Reverse mortgage basics

Normally, religion is a good thing. However, one’s faith can be misplaced. We’ve found that people “get religious” about the strangest things.  Readers have said, “I don’t believe in mutual funds.” Others “do not believe in reverse mortgages.” Yes, many products can be mis-bought or mis-sold, but each has its purpose. When applied properly, they can be potentially beneficial.

We think it’s best not to “get religious” about financial products. Let’s go to this month’s question about reverse mortgages.

“Dear Senior Money Matters: A mortgage broker has suggested that I purchase a Reverse Mortgage. I am single and living on $1,300 a month from Social Security plus $113 a month from a corporate pension. I have saved $10,000 for emergencies, but could sure use the extra income this broker was discussing. My house is worth $185,000 and I paid it off three years ago.”

Suwanee, GA

Dear Glenda: Your interest in reverse mortgages (RMs) is well founded. Today, many find their biggest asset is their home. Based on a person’s circumstances, using an RM may be very helpful, but it takes some serious thought. Here are a few basics to get you started.

First, a RM is special type of home loan that allows you to convert part of the equity of your home into cash. It’s what’s known as a “non-recourse” loan. This type of  loan must be repaid in full with interest when you die, sell, or permanently move out of your house. After the loan is paid off, the balance will be given to your heirs. If the house is sold for less than the balance of the reverse mortgage, the lender only receives what comes from the sale of the house and nothing more.

Second, to be eligible for a reverse mortgage, the Federal Housing Administration requires that all homeowners be at least 62 in order to qualify. How much you receive from the loan depends on the fair market value of your home. You must own your home outright or have a low mortgage balance that can be paid  off at closing with the proceeds from your reverse mortgage.

Third, it is important to know that RMs may have tax consequences. They do not affect your Social Security or Medicare, but can affect your Social Security Disability or children’s income from the death of a parent, medical, or other public benefits. Also, the interest on the loan is not deductible.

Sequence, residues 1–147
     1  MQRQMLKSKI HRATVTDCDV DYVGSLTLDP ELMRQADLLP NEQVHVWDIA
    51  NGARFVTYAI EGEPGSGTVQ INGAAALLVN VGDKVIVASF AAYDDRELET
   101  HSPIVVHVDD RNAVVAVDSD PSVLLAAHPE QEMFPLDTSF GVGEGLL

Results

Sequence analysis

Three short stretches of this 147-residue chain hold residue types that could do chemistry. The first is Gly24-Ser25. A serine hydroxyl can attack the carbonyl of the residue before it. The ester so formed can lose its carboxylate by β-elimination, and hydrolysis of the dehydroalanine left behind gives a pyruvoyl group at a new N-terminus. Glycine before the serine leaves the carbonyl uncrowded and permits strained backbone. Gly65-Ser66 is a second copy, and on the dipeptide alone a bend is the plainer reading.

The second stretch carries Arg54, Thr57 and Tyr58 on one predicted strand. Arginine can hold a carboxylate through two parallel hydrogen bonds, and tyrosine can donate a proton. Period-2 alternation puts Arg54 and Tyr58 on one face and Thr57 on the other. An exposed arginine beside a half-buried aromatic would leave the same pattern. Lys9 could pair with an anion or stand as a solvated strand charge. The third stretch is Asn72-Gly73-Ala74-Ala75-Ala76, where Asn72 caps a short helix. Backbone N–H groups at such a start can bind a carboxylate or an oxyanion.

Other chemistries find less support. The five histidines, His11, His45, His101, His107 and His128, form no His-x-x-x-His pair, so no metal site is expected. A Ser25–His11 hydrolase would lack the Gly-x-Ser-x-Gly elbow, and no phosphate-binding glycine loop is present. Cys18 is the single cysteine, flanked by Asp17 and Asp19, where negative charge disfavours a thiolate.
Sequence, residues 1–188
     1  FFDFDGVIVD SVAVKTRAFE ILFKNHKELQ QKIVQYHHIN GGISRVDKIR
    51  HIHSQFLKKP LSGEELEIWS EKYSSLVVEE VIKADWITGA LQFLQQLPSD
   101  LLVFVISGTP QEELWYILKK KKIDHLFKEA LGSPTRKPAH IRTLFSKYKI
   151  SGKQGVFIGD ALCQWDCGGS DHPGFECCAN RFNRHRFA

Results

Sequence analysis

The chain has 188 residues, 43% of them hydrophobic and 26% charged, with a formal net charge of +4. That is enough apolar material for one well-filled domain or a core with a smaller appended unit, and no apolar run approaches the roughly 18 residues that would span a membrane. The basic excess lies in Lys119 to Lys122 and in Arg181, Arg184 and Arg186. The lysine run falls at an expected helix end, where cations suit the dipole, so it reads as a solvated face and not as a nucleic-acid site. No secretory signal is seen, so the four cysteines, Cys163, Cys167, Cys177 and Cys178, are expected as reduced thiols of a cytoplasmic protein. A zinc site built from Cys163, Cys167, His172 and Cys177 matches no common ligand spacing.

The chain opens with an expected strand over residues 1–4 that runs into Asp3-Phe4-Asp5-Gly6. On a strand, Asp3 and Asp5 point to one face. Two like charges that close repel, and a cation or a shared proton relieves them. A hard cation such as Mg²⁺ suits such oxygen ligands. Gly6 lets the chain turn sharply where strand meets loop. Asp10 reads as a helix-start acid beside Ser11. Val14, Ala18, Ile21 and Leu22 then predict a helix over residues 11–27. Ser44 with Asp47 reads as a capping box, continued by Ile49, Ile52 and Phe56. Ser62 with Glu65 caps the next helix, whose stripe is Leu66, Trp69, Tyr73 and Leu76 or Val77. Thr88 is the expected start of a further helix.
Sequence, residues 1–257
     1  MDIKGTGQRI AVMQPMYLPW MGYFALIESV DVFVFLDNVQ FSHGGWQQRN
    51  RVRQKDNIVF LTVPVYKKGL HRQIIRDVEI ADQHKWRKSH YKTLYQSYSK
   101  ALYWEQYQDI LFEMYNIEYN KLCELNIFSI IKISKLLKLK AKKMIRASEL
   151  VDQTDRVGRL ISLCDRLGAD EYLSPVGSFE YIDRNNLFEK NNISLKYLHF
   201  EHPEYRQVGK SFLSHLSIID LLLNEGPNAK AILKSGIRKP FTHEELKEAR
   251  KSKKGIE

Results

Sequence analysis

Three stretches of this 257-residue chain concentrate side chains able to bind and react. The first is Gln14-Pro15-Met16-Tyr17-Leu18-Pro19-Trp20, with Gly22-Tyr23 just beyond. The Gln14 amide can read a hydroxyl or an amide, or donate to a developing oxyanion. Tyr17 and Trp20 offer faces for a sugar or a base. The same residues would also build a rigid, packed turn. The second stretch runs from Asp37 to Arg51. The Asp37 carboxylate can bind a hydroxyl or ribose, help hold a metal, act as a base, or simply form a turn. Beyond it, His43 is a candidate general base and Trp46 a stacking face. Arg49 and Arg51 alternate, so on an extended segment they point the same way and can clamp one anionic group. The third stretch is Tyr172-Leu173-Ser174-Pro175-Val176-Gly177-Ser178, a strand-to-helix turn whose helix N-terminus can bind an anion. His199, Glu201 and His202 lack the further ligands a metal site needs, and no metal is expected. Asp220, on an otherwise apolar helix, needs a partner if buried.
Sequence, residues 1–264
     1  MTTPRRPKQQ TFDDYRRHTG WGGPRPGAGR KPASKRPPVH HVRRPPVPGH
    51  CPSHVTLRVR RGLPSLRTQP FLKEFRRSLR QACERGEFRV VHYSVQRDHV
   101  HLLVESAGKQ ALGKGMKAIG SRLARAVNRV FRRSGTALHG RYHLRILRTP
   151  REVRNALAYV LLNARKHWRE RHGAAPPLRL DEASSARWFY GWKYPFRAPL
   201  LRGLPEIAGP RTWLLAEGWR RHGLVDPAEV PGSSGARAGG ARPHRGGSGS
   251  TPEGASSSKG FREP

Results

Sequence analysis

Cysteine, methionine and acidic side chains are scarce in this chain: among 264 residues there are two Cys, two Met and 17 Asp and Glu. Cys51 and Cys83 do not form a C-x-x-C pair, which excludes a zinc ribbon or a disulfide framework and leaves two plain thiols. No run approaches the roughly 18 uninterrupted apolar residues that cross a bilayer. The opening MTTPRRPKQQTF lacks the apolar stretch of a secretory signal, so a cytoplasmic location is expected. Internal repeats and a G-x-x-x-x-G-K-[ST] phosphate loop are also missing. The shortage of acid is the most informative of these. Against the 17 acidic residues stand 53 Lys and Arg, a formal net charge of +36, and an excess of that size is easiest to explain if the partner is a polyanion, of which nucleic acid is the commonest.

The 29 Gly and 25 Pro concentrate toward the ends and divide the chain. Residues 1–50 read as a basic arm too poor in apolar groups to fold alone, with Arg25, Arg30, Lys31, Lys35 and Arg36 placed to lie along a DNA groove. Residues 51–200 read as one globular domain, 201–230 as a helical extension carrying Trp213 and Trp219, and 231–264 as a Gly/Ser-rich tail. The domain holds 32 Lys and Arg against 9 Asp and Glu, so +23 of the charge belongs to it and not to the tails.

Fourth, there are four different program types: Immediate Cash Advance, Credit Line, Monthly Income or a Combination Loan. To qualify for most loans, the lender will check to see if you can pay them back. However, since you do not have to make monthly payments with RMs, you do not need income to qualify.

State and local governments generally offer the lowest fees on RMs, but these RMs must be used for specific purposes, such as repairs or property taxes. It is important to know the rules, fees and interest rates for the different loans, in order to pick what is best for you.

Lastly, the Federal Housing Administration (FHA) has the only RM insured by the Federal Government.  It is called the Home Equity Conversion Mortgage (HECM).  Although HECM’s are more expensive than other loans, they can generally be used for any purpose.

Glenda, we have just scratched the surface here, so do your homework and seek professional advice to make sure you have a plan that will allow you to enjoy your retirement.

We want to thank Laura Stohlman, CFP®, for her invaluable assistance as this month’s co-author.

Dan Searles and John Stohlman, of Medallion Financial Group, are CFP®’s and Registered Representatives with over 25 years of experience in the financial industry.

Securities and advisory services offered through National Planning Corporation (NPC), member FINRA/SIPC, a Registered Investment Adviser. Medallion Financial Group and NPC are separate and unrelated companies.  They manage over $250 million of client assets. For further info, questions or comments regarding this article, Dan and John can be reached at 1-800-878-9704 or

This is not a solicitation to participate in a Reverse Mortgage.  National Planning Corporation does not endorse the opinions expressed in this column.

The information contained in this article is not to be considered as financial, tax, or legal advice.  As with any financial or legal matter, consult your qualified securities, tax, or legal advisor before taking action.